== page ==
mercoledì 29 giugno 2011

1 July UMELEC Magazine Launch @ the Horse Hospital London

FREE from 1pm until 10.30pm
You’re warmly invited to the launch of the new Umelec magazine, so-called “Transition issue”.
On display will be rare early issues of Umelec, recent releases and a selection of amazing books.

There will be a short introduction about Divus, Umelec and related affairs by publishers Ivan Mecl and Naomi Green at 8.30pm.

The Divus Publishing house was established by Ivan Mecl in 1992 as an art publishing house with a technically-equipped production centre. Over time the project grew and now has a broad influence with cultural production. One of the first publications was a fairytale by Tomáše Vejdovský, designed and illustrated by Markéta Othová, who has worked closely with Divus since the beginning. After several book publications the studio published its first edition of the art review Divus . This large-format publication brought together outsider art, style, the alternative, the exclusive and the tasteless – the first three issues defined the way for the whole project.
Find out more at ….

Umelec Magazine has run since 1997 in Prague, Berlin and later in London. It is directed to the international scene, particularly the wider European circle. Its emphasis on art in Central and Eastern Europe stems from its unique position in that region. Because Umelec is published in three separate languages (English, German an Czech), it has distributors, readers and contributors from all over the world. The magazine reaches out towards other regions that have hitherto only received peripheral or insufficient attention. The sections that were originally limited to local regions are being transformed to international. The new sections’ writing penetrates cultural areas with creative courage. Umelec rejects a lingering dominant apolitical approach to art. The magazine demonstrates how life and culture work together, and stands critically against tendencies to limit art to some safe place to which the public has limited access. Visual culture is always rendered accessible to the non-specialist, as a type of mental activity in which the individual always participates without merely consuming. The magazine relies on intelligent journalistic analyses in search of ways this subject can thrive. Umelec doesn’t follow trends, but reveals their own limits, and lays the groundwork for new ones.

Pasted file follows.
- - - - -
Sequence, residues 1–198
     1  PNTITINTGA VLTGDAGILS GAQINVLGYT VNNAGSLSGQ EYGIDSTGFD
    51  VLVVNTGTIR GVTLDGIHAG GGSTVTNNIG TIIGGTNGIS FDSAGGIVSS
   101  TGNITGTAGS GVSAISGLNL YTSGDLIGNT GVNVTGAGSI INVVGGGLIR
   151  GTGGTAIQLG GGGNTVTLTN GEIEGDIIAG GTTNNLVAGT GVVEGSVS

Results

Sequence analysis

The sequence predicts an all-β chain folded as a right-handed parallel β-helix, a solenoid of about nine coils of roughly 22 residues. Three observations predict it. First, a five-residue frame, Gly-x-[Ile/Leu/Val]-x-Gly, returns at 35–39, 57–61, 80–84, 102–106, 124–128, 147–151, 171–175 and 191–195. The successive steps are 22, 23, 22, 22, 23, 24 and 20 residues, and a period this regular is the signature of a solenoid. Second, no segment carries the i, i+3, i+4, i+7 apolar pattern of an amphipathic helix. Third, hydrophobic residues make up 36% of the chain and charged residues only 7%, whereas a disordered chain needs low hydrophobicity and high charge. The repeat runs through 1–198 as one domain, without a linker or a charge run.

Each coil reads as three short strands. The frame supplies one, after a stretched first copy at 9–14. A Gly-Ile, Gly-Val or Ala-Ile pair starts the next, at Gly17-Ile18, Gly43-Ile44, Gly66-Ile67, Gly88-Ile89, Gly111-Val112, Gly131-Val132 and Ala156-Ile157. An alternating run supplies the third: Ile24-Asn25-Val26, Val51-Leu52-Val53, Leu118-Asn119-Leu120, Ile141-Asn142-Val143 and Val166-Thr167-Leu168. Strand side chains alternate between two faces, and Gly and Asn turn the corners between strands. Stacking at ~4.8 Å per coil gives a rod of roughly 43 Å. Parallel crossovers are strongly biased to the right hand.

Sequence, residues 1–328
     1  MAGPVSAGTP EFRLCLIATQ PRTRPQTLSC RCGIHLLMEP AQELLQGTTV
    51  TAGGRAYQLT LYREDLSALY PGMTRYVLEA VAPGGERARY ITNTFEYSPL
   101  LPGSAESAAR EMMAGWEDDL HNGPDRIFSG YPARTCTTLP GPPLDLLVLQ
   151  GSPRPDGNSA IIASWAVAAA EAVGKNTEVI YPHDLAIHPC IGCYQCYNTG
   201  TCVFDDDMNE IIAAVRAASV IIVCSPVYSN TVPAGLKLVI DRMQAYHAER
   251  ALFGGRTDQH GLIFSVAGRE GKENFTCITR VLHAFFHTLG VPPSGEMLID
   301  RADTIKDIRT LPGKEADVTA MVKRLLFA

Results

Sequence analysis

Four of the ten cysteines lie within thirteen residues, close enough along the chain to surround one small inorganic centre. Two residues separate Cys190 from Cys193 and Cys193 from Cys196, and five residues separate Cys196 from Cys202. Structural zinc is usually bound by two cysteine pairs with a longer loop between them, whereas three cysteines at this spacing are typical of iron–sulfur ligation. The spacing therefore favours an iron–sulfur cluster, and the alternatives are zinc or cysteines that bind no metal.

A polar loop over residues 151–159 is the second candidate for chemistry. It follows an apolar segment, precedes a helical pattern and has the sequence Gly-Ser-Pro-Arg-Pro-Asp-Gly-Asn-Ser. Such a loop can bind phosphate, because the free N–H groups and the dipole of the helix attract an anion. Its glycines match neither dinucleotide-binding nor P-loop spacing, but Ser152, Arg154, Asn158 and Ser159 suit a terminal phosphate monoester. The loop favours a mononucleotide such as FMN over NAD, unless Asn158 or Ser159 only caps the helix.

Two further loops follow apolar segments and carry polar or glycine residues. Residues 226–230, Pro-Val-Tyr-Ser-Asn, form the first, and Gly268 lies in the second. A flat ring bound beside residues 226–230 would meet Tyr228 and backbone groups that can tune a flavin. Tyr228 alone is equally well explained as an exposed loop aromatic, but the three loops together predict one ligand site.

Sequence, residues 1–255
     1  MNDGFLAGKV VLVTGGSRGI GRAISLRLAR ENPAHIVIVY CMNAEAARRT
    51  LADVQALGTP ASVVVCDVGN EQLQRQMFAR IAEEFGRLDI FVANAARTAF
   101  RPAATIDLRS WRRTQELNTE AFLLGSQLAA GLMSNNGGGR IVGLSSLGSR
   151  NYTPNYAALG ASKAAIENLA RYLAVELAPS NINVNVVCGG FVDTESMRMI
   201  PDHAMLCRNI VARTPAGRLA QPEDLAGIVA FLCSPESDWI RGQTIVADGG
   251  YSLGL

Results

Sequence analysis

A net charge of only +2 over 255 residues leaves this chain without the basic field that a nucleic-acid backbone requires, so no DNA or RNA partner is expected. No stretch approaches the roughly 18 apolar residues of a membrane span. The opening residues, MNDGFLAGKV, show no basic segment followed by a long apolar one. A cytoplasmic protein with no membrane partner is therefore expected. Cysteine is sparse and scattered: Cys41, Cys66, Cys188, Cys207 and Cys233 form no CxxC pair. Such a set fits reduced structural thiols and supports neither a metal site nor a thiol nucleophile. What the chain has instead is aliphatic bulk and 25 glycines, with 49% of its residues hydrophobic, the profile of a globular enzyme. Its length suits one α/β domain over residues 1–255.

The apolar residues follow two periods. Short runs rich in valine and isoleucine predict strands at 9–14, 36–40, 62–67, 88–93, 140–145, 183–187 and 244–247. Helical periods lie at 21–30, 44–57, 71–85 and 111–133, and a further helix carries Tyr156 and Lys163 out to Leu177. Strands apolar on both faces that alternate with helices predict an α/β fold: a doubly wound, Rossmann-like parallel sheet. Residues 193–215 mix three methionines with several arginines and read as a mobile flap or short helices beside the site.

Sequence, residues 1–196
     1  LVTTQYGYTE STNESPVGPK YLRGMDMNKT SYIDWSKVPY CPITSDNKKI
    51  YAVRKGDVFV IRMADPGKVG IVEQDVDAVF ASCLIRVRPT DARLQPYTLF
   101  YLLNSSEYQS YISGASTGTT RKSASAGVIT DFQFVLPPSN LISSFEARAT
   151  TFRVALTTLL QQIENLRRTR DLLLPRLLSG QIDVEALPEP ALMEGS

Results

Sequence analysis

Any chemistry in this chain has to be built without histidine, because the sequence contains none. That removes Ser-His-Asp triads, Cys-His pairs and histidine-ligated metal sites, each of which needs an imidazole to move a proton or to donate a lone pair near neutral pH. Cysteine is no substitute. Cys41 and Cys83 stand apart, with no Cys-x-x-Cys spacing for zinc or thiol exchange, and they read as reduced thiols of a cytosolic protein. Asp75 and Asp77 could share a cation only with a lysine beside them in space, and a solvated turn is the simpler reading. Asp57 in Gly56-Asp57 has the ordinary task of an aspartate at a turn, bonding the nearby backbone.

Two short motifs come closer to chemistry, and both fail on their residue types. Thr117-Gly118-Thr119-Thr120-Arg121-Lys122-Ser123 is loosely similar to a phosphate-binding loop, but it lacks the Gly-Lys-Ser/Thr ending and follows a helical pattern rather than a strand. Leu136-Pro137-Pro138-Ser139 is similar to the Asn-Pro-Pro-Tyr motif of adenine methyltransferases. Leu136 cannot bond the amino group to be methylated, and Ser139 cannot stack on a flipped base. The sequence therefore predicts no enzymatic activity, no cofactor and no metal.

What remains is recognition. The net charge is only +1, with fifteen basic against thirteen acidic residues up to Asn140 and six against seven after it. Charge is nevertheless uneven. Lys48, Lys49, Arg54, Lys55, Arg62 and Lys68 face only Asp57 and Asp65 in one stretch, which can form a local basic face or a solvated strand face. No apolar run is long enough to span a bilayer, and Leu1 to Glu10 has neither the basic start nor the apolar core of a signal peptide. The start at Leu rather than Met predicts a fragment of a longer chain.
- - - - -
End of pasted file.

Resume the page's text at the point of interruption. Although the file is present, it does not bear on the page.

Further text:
It leaves correct judgment of the world to others and with cool calm opens to a period of chaos and conflict, because it is only through them that an image can emerge from the innumerable channels of the expanding delta of today’s visual culture.

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